Mr MacRae referred us to the Court of Appeal decision in Re Internine Trust [2004] JLR 325 as authority for the proposition that the Court could only direct disclosure to B as an excluded person if the matter could be regarded as exceptional. That case involved hostile litigation in which the trustee played a neutral role and in which certain parties were seeking orders from the Court requiring the trustee to disclose information in relation to a trust in which their status as beneficiaries was in doubt. The issue before the Court was whether disclosure should be ordered before the issue of the applicants’ status as beneficiaries was conclusively resolved. The Court of Appeal held that on the facts of that case and in reliance on the principles laid down in the Privy Council decision in Schmidt v Rosewood Trust Limited (2003) 2 AC 709, the Courts in Jersey did, exceptionally, have power to exercise supervisory power in favour of the applicants.


However in the case before us, B was not seeking to invoke the supervisory jurisdiction of the Court for an order requiring the trustee to make disclosure to him. There are circumstances in which a settlor may be entitled to invoke that jurisdiction as summarised in Lewin on Trusts 18 th Edition at paragraph 23–103 namely where the settlor has a beneficial interest, where he has functions under the trust to perform particularly fiduciary functions, where he wants information to express his informed wishes as to the exercise of the powers and discretions conferred on the trustee and where he needs the information for the purpose of complying with some fiscal or other obligation imposed upon him by law.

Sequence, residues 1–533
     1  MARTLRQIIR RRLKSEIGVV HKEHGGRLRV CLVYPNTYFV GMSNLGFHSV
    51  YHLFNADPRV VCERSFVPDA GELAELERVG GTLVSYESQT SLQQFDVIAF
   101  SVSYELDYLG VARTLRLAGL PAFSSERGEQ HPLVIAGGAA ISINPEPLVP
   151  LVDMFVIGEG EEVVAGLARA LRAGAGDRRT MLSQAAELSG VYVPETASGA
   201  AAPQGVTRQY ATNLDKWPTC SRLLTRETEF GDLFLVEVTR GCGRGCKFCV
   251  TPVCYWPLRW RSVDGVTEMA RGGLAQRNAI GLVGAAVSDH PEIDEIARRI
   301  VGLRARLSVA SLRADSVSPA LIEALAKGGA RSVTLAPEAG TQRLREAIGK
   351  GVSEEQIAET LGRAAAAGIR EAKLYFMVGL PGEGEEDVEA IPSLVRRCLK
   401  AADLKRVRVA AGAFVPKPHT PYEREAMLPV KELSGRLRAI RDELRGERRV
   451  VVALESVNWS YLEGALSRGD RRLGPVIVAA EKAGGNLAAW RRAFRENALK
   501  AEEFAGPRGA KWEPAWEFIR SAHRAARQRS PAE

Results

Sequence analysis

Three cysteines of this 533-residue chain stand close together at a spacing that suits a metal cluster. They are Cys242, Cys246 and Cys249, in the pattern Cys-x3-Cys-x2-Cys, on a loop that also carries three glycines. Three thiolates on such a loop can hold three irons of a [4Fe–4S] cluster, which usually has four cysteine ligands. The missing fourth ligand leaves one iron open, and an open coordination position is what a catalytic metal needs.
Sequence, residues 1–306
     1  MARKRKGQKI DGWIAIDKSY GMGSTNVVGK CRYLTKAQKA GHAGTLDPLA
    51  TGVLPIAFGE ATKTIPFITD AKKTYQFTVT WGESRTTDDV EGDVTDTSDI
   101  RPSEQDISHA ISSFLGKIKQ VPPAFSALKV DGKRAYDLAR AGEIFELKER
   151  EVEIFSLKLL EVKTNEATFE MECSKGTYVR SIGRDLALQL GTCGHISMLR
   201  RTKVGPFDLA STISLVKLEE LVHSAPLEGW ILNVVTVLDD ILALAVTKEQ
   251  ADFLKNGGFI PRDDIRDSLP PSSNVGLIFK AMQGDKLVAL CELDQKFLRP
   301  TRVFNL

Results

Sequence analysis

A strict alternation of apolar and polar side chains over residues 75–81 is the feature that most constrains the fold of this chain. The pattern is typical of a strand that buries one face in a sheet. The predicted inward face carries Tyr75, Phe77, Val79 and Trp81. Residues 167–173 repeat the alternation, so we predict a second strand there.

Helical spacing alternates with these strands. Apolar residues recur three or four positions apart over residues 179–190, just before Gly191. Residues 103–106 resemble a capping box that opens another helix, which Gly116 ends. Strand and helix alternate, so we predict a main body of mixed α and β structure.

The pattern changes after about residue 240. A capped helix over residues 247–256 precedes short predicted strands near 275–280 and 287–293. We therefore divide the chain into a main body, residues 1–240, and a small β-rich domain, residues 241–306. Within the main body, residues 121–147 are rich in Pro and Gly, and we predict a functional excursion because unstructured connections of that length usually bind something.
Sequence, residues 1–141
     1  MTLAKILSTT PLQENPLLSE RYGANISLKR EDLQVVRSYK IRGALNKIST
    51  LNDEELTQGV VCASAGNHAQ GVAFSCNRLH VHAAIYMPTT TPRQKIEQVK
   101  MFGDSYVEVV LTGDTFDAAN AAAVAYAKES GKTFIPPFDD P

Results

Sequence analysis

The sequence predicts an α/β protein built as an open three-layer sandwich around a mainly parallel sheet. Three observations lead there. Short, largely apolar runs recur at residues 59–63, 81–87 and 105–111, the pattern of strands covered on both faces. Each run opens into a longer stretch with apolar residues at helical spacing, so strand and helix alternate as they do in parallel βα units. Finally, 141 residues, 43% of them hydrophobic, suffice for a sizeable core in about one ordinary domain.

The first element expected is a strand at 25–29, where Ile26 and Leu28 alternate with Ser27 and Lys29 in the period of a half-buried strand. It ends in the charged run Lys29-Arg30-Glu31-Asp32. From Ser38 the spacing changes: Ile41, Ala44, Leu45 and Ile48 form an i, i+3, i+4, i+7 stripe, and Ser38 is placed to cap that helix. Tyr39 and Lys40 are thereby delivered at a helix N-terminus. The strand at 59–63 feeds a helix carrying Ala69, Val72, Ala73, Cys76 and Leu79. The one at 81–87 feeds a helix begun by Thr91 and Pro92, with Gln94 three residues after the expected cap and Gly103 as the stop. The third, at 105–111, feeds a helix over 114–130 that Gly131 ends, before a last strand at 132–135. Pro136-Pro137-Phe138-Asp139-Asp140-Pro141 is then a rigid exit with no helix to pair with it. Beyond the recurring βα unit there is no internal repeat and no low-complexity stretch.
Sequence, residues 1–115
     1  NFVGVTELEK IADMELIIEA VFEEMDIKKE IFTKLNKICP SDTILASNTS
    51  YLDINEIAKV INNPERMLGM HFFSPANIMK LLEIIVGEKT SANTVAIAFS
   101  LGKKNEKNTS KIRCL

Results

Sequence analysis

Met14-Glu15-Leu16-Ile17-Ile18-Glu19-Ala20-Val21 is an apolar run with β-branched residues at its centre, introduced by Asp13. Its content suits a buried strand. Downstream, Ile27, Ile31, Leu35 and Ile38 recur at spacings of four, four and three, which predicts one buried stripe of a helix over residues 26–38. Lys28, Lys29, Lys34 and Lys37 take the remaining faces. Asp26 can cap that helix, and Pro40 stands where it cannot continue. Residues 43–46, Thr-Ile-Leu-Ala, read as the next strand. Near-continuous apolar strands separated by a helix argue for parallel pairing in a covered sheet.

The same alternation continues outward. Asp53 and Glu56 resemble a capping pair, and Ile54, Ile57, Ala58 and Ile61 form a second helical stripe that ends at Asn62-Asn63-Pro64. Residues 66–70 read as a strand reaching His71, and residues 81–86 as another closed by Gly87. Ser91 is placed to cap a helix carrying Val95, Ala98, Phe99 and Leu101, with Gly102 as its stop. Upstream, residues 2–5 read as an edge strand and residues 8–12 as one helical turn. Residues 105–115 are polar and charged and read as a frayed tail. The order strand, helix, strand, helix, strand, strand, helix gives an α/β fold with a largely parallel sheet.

B has no beneficial interest in the settlement (indeed he is excluded from benefit) and although he has an on-going function under the settlement in relation to the trustee's power to add or remove beneficiaries, he is not seeking disclosure for that purpose or for the purpose of expressing his wishes as settlor. The obligation that has been imposed upon him by the English Court did not arise out of his status as settlor but as a respondent in matrimonial proceedings and in any event it was not contended that he was entitled to disclosure on that basis.


It is the trustee that has invoked the supervisory jurisdiction of the Court by seeking directions as to whether it should, in the exercise of its own powers, accede to B's written request. The issue therefore is not whether B can require disclosure but whether the trustee, in the exercise of its powers, should make disclosure.


In the discharge of their duties to manage the affairs of a trust, trustees must have the power to decide whether, what and how disclosure of...